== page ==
Growing confidence by CFOs and other corporate leaders in the strengthening economy is expected to lead to increases in IT spending this year. However, the forecast for IT job creation isn't quite as sunny.
According to the Duke University/CFO Magazine Global Business Outlook Survey of 848 CFOs across the world, finance chiefs plan to spend 9 percent more on capital expenditures over the next 12 months and nearly 5 percent more on technology. Overall, CFOs are anticipating a 2 percent rise in full-time domestic hiring for the coming year, representing the highest increase since 2006. The increase would represent 3 million jobs, which would lead the U.S. unemployment rate to drop below 9 percent, according to John Graham, a finance professor at Duke's Fuqua School of Business and director of the survey who was cited in a CFO Magazine article about the study.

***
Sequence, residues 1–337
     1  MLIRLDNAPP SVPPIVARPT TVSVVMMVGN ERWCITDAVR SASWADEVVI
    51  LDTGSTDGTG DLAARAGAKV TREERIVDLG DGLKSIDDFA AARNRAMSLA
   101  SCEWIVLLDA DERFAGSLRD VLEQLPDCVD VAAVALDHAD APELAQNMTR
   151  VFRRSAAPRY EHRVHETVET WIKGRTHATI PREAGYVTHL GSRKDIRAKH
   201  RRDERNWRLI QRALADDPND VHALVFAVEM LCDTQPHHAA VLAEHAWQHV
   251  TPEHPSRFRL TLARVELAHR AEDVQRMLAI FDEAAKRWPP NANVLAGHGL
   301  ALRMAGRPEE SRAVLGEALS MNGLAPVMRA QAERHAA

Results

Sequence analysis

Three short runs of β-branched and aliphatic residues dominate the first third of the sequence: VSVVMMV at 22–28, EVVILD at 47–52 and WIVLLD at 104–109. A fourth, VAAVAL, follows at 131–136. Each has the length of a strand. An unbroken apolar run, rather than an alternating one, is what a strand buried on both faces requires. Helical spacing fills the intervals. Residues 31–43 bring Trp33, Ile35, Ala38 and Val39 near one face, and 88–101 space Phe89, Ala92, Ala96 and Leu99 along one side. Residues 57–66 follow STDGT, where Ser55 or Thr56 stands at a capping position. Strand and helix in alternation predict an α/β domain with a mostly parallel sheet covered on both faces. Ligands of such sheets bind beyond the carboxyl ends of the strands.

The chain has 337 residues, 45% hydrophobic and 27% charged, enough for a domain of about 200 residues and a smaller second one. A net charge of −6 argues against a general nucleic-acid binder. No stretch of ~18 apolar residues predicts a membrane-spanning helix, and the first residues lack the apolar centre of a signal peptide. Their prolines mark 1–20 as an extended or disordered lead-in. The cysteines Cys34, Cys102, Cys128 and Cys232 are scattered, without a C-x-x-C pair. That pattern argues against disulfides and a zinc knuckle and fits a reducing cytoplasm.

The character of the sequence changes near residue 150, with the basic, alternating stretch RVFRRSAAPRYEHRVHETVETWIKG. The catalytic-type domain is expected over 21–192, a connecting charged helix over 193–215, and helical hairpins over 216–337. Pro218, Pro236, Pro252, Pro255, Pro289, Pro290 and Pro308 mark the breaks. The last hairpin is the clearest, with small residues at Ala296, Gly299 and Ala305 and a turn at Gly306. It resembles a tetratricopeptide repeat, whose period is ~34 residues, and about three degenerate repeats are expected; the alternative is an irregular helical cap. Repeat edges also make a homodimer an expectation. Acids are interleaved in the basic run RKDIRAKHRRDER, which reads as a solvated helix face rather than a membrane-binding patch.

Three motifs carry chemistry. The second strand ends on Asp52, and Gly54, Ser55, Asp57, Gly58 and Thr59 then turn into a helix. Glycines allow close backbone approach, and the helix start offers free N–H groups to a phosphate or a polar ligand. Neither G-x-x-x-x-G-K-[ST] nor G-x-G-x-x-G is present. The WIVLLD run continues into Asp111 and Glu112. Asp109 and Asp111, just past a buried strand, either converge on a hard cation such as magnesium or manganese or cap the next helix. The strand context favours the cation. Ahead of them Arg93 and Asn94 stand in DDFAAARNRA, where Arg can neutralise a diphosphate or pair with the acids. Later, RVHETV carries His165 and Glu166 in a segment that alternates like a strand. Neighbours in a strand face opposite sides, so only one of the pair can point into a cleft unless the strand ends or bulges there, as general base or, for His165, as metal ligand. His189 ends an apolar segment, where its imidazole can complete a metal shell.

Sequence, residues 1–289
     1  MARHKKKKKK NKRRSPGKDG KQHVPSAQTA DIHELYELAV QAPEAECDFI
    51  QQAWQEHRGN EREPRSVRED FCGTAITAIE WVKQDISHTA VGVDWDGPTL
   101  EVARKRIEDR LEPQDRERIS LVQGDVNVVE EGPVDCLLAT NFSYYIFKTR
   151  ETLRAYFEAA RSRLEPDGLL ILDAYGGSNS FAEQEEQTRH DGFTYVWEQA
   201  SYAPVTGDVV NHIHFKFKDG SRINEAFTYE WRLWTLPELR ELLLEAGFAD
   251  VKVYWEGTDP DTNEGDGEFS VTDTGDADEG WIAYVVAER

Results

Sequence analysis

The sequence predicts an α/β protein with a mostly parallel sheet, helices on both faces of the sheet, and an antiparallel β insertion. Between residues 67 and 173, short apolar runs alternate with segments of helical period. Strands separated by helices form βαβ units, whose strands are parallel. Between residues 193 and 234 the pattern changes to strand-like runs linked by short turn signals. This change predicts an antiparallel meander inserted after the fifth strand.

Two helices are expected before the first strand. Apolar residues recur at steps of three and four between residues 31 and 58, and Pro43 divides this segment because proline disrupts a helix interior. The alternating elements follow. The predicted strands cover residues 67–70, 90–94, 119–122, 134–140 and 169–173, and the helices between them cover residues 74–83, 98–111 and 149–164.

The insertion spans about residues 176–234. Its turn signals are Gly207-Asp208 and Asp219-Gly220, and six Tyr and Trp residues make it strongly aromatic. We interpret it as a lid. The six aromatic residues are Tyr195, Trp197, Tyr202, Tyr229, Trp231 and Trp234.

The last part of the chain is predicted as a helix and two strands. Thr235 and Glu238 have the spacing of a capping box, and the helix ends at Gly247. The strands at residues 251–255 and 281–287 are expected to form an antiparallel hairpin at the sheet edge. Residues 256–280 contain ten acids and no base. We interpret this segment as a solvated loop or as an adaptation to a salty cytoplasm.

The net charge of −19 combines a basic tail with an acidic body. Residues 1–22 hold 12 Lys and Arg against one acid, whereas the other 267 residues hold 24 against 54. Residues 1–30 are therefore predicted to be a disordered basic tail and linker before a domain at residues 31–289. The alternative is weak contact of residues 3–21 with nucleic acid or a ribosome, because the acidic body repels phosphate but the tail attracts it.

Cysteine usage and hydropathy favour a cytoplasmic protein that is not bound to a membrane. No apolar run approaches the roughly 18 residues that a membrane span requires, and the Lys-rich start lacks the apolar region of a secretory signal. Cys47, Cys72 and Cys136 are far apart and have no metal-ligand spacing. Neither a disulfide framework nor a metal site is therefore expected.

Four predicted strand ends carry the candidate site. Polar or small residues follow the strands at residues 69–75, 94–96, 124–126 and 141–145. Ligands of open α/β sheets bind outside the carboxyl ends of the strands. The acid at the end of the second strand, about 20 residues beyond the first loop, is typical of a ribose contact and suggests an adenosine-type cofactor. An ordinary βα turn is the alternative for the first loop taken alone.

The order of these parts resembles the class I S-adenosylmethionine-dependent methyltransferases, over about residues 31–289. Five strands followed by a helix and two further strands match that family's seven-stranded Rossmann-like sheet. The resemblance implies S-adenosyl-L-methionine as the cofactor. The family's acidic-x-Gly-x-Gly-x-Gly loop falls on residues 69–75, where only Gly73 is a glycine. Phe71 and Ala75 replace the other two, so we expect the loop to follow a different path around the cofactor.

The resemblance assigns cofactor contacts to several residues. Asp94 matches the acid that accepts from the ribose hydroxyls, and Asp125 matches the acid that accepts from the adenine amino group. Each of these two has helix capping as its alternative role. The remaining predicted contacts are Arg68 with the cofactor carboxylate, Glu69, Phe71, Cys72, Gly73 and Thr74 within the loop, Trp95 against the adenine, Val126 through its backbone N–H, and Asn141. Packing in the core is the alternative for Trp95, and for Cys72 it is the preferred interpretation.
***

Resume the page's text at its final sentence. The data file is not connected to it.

As the job market for IT and other professionals is expected to strengthen in 2011, I thought I'd take a moment to examine what is arguably the biggest variable in the employment puzzle: the hiring process.
Critics argue that the hiring process is broken. Corporate hiring processes are typically too slow, layered with red tape and often designed to fill a square peg into a round hole. This is painfully evident in IT hiring circles.